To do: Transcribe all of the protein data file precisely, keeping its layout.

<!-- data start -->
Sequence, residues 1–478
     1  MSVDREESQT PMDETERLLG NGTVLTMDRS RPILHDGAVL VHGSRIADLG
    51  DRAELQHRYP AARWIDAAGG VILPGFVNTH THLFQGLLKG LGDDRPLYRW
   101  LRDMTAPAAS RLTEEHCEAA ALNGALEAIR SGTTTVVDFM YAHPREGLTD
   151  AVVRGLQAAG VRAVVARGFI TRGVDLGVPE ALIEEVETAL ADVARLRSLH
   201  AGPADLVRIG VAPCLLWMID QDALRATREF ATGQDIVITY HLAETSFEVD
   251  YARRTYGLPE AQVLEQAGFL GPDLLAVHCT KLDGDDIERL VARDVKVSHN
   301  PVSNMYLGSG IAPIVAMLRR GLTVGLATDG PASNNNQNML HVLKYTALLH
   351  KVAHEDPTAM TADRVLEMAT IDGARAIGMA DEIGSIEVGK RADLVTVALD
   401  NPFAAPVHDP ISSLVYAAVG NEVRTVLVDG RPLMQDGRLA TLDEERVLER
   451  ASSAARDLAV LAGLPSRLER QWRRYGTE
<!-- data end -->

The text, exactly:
Sequence, residues 1–478
     1  MSVDREESQT PMDETERLLG NGTVLTMDRS RPILHDGAVL VHGSRIADLG
    51  DRAELQHRYP AARWIDAAGG VILPGFVNTH THLFQGLLKG LGDDRPLYRW
   101  LRDMTAPAAS RLTEEHCEAA ALNGALEAIR SGTTTVVDFM YAHPREGLTD
   151  AVVRGLQAAG VRAVVARGFI TRGVDLGVPE ALIEEVETAL ADVARLRSLH
   201  AGPADLVRIG VAPCLLWMID QDALRATREF ATGQDIVITY HLAETSFEVD
   251  YARRTYGLPE AQVLEQAGFL GPDLLAVHCT KLDGDDIERL VARDVKVSHN
   301  PVSNMYLGSG IAPIVAMLRR GLTVGLATDG PASNNNQNML HVLKYTALLH
   351  KVAHEDPTAM TADRVLEMAT IDGARAIGMA DEIGSIEVGK RADLVTVALD
   401  NPFAAPVHDP ISSLVYAAVG NEVRTVLVDG RPLMQDGRLA TLDEERVLER
   451  ASSAARDLAV LAGLPSRLER QWRRYGTE